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Editorial: Ted Oglesby, a Renaissance public servant, steady voice of reason in journalism, politics
Funeral services for Ted Oglesby are set for Saturday at Lakewood Baptist Church in Gainesville.

It would be hard to find too many Gainesville residents who had his fingers in more pies than Ted Oglesby.

Oglesby, 84, died Tuesday after battling heart disease. He leaves behind Betty, his wife of 64 years, their two children, and a lengthy list of friends, colleagues and accomplishments that would stretch the length of Green Street and back. He was one of our town’s true Renaissance men.

Most remember Oglesby for his 25 years at The Times as a writer, editor and editorialist, and another decade-plus as a regular columnist on this page. It is with pride we claim him as an alumnus of our newsroom, one of many outstanding journalists who built the paper’s foundation over 70 years.

But Oglesby was much more, his life taking a Forrest Gump-like route through much of 20th century history. Born in Appling County in 1932, his travels around the world brought him to these shores in the 1950s.

Among the many highlights of his fascinating life:

• He was a Bronze Star decorated veteran and Air Force officer who served in Vietnam and was recalled to active duty in 1968 during the Pueblo Crisis, when a U.S. Navy ship and its crew was captured by North Korea. He later served as moderator at the National War College in Washington.

 He helped found the Tribune newspaper in 1959 and served as its editor for the next decade before joining The Times in 1970.

 He worked as a news and sports reporter and political commentator for WDUN radio, his specialty being his election night forecasts of local races.

 He directed the Hall County census in 1970 and led the Hall County government’s efficiency committee.

 He served as Republican Party district chairman. Over the years, Oglesby served behind the scenes as an adviser and confidant of many political leaders, including Newt Gingrich and Nathan Deal, and worked as a speech writer for Zell Miller.

 He was a prolific freelance writer, prepared tax returns, taught classes at Brenau University and was founder and chairman of the Small Business Development Center in Gainesville.

Amid all this, Ted also was a devoted husband, father and church deacon who gave of himself fully to civic organizations. His efforts earned him acclaim in the Georgia General Assembly in 2015, and further acknowledgement on the Georgia Senate floor this week from his friend, state Sen. Butch Miller.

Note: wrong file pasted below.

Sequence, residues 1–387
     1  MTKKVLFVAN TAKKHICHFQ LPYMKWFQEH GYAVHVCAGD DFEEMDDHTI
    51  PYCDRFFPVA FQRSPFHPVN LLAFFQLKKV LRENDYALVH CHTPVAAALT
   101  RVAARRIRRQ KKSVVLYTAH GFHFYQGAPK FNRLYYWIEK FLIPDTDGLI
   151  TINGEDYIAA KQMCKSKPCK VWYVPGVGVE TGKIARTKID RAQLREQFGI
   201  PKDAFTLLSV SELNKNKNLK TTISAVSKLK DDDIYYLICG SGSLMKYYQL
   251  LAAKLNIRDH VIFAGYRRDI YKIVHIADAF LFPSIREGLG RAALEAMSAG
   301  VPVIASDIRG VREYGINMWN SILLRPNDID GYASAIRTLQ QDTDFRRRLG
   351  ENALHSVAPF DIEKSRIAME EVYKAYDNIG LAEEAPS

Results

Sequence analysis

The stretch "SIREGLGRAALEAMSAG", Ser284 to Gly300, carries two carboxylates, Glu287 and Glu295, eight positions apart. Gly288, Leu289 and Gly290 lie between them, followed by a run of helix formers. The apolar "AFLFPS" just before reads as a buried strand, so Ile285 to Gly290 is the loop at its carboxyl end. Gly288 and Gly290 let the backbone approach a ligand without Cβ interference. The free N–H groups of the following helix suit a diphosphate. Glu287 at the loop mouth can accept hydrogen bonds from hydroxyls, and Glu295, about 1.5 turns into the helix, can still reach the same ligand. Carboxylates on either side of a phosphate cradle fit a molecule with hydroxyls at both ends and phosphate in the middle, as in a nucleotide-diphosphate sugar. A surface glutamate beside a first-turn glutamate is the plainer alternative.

Former Times editor Alma Bowen remembers him as a journalist who sought not just to cover the news but to have a positive effect on the community.

“In my memory, Ted Oglesby made a big difference in our newsroom when he came in,” she said. “He began by doing a question/answer column about important community matters on Page 1. He soon was working as a reporter covering government entities and from that he began writing editorials. He was dedicated to this country’s armed forces, to the Republican Party, to his family and to this community.”

Above all, he was consistent. In politics, he began working with Republicans even when Democrats were the dominant force in Georgia. He maintained moderate to conservative views, never tilting toward extremes in any direction, yet was always willing to listen to opposing views and debate issues in a civil, respectful manner with those on the other side. Because of this, many followed his advice knowing it was grounded in what worked best for everyone, not just for political gain.

That sense of steady values and public service is the memory of Ted Oglesby this community will cherish in honoring his life. We are thankful for all he gave us, and we join in offering our heartfelt condolences to his family and close friends.

Share your thoughts on this or any other topic in a a letter to the editor; you can use this form or email to The Times editorial board includes General Manager Norman Baggs, Editor Keith Albertson and Managing Editor Shannon Casas, plus community members Susan DeCrescenzo, Cathy Drerup and Brent Hoffman.

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